The view was impressive as I looked up the basin. The ridge on the northwest side of American Peak provided a scenic backdrop. The scene reminded me of an impressionistic painting of formal gardens in front of a palace. As the sun rose, it revealed nasty clouds that promised precipitation at some point in the immediate future.

 

Photobucket

Splashing water and a splash of color

 

The abundance of water in the basin provides an ideal habitat for wetland wildflowers. The individual flowers on the Elephant Heads bear an uncanny resemblance to a pink elephant’s head. Parry’s Primrose was named for Colorado’s first resident botanist, Charles C. Parry. Parry Peak was named in his honor, and he is credited for naming Grays, Torreys, and Engelmann Peaks after fellow botanists.

 

Photobucket

Elephant Heads (Pedicularis groenlandica)

 

Photobucket

 

Parry Primrose (Primula parryi)

 

Dark clouds moved in, and we hiked in a steady rain for about a third of the hike. It was still early, so there was minimal lightning danger.

 

Photobucket.

 

Dark clouds moving over the summit

 

By the time we reached Sloans Lake, the summit was entirely obscured by clouds.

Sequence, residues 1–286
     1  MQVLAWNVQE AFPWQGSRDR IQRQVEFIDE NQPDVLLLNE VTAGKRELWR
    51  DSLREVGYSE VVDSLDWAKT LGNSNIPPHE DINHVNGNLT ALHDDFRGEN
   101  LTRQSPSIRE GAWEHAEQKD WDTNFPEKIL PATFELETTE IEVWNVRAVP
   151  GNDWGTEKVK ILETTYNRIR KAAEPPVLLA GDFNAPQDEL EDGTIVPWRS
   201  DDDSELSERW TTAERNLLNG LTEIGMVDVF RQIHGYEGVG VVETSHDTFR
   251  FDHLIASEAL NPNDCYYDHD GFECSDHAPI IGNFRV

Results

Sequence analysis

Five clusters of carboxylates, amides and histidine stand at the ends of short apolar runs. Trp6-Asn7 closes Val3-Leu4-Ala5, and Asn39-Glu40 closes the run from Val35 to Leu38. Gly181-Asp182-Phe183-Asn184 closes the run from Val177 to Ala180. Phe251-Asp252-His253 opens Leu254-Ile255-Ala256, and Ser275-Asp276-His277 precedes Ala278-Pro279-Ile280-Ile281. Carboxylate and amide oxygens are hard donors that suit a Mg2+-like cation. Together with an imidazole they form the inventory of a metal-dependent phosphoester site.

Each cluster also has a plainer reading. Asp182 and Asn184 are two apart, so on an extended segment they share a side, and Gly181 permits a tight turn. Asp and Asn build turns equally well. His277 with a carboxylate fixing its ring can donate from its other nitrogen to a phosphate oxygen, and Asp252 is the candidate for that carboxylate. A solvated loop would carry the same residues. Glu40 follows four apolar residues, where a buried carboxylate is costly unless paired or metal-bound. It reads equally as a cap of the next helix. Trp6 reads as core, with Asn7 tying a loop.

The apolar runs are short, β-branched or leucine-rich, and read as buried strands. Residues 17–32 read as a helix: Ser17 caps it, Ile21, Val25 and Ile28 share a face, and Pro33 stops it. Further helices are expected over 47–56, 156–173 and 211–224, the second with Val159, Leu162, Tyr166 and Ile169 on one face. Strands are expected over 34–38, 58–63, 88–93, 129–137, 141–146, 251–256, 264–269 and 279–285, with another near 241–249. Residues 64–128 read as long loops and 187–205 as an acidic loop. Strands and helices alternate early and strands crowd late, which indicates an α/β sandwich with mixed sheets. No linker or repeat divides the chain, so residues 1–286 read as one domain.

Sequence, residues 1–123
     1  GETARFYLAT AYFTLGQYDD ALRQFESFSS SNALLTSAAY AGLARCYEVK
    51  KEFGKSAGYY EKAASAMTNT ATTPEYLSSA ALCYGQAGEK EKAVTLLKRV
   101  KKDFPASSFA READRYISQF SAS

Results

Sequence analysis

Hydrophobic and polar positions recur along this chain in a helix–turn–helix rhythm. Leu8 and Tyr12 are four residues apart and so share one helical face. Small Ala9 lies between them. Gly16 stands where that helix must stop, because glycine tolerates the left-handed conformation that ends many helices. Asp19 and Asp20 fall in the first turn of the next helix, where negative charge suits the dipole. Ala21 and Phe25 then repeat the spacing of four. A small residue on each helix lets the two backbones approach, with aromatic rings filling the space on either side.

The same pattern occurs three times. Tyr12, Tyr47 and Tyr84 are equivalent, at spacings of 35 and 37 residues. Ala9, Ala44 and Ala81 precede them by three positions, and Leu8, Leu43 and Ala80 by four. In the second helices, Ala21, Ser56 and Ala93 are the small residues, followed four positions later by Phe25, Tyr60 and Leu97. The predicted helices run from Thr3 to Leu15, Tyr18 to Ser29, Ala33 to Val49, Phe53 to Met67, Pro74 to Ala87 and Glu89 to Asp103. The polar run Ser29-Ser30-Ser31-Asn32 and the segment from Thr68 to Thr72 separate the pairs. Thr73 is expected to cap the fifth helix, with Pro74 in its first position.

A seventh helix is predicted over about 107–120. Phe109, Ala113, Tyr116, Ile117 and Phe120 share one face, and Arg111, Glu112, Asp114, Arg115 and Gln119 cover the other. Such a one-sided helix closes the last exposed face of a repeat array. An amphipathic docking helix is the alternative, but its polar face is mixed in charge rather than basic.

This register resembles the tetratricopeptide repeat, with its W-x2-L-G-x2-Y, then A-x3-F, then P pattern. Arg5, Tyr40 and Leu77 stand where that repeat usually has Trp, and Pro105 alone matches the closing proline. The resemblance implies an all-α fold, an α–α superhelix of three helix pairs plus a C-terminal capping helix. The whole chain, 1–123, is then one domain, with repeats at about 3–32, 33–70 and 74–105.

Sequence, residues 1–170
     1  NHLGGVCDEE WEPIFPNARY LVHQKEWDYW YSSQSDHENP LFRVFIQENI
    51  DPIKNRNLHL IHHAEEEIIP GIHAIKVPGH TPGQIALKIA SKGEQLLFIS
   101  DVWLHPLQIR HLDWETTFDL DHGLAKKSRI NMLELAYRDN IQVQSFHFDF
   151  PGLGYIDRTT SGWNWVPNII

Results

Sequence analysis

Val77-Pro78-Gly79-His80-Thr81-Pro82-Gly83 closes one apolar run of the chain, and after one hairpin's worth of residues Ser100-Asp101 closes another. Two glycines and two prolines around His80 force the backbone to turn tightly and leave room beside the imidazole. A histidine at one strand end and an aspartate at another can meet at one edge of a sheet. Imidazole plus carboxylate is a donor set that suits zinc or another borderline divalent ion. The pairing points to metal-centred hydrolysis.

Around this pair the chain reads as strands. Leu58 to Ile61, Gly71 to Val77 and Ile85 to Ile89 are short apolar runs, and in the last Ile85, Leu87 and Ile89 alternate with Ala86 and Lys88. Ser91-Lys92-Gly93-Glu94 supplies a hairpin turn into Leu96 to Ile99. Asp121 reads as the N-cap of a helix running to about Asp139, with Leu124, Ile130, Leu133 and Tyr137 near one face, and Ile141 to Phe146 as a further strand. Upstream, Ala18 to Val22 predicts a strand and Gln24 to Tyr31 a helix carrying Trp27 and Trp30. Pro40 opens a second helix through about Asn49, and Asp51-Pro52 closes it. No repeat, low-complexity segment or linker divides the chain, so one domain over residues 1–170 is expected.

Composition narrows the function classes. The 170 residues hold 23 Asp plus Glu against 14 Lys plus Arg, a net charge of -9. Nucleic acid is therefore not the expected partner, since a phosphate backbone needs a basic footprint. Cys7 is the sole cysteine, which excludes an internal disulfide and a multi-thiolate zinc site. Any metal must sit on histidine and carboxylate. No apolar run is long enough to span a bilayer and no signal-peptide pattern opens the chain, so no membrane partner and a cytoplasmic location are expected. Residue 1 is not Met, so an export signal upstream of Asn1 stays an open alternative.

Photobucket

 

Clouds enveloping the summit, which should have been visible just above the snowfield in the left/center of the image.

 

We followed the switchbacks on the excellent trail, and found ourselves hiking right into the clouds. Our rain jackets kept us reasonably dry, and the temperature remained comfortable – probably in the low 50’s.

 

Photobucket

Ian hiking into the clouds

 

The switchbacks led us to a saddle just below the summit. The whole mountainside was covered in small yellow flowers known as Alpine Avens (Geum turbinatum). Although the area is protected habitat for the endangered Uncompahgre Fritillary butterfly, we didn’t see any sort of insect life on this blustery day.

 

Photobucket

Ian hiking through a meadow of Alpine Avens towards the saddle. In the upper part of the image, a hiker is visible descending from the summit.